As much as anything, it’s the relationship between these human operators and their subject that’s most disturbing. Thought experiments like the trolley problem demonstrate something self-evident but extremely significant in moral thinking: how our sense of obligation is modified by distance and immediacy. We feel differently about pushing someone off a bridge with our own hands than we do about pushing a button to achieve the same result. Weapons are real-world examples of this: the arrow differs from the fist, the rifle from the arrow, the bomb from the gun. And by the time you reach autonomous systems, many of the “actions” setting them in motion will have taken place months or even years ago: as part of a process of programming and design whose eventual consequences may be entirely unknowable.
If all this sounds rather removed from real life, it’s worth remembering that the cutting edge of today’s battlefield will represent little more than the state-of-the-art in domestic appliances a decade from now. Such is the speed of technological change, and the steady migration of its moral conundrums towards the mass market.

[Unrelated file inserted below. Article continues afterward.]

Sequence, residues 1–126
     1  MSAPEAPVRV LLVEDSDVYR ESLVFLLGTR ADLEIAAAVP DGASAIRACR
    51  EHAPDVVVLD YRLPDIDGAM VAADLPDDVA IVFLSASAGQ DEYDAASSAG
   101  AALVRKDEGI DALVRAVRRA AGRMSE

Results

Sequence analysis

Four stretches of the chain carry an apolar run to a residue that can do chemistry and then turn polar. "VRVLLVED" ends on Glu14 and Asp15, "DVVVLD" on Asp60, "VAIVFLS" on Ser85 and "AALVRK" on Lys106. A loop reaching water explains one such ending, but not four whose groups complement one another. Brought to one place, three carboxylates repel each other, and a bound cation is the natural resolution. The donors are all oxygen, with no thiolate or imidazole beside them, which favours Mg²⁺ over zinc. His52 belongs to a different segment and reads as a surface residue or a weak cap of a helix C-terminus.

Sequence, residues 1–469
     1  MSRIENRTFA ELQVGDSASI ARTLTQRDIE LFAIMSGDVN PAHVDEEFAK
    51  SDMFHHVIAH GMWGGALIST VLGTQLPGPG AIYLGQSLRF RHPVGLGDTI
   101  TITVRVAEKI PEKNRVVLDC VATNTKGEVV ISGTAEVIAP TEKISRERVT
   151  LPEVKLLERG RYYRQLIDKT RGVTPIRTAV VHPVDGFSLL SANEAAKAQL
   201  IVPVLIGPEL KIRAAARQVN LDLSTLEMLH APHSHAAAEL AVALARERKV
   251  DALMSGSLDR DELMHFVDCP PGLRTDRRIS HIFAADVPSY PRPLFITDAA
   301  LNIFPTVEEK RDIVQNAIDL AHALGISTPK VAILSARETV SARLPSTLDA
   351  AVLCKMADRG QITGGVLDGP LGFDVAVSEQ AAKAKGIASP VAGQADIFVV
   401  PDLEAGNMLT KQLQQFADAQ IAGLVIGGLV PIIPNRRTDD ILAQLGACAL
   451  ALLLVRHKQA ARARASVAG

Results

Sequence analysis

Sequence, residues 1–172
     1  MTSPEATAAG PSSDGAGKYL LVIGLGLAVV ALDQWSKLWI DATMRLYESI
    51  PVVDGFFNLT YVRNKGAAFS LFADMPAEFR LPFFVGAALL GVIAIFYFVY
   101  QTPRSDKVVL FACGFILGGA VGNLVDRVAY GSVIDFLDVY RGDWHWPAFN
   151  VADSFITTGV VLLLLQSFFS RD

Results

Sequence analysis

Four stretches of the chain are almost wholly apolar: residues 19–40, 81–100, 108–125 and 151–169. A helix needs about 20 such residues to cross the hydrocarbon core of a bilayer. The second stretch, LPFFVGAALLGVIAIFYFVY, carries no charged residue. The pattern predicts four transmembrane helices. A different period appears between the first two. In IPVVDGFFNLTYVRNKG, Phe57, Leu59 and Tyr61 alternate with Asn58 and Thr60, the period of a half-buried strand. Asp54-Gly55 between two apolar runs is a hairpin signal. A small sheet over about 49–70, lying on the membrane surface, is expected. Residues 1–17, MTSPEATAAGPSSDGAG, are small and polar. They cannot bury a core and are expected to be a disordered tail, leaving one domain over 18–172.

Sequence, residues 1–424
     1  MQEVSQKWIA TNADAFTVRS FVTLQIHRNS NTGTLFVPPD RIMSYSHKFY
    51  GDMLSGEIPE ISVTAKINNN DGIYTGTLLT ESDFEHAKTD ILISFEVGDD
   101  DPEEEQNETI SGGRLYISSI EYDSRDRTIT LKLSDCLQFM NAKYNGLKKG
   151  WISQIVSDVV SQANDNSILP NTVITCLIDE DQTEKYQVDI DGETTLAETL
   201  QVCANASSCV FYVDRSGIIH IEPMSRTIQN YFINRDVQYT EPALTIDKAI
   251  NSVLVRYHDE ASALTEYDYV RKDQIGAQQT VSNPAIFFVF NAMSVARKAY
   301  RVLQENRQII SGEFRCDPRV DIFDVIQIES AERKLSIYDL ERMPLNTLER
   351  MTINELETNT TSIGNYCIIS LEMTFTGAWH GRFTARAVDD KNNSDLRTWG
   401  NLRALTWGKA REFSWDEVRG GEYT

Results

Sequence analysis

It’s a field in which the ghostly outlines of future controversy are already clearly visible. If a drone can oversee your child’s journey to school today, will it be driving you both to work tomorrow – and should you insist on this, if the machine is demonstrably a safer driver than you? If robot soldiers can fight for your country without risking your sons’ and daughters’ lives, should you gratefully embrace automated warfare?
These are new questions, but answering them means grappling with ancient ethical issues about responsibility. What does it mean to hold someone responsible not only for their actions, but for the chains of consequence they set snaking through the world? And what does it mean to exercise human ingenuity responsibly, given the ever-expanding scope of our powers?
Ironically, the best contemporary answer may mean giving up some of that power – and asking what it means to create machines that can take responsibility for themselves.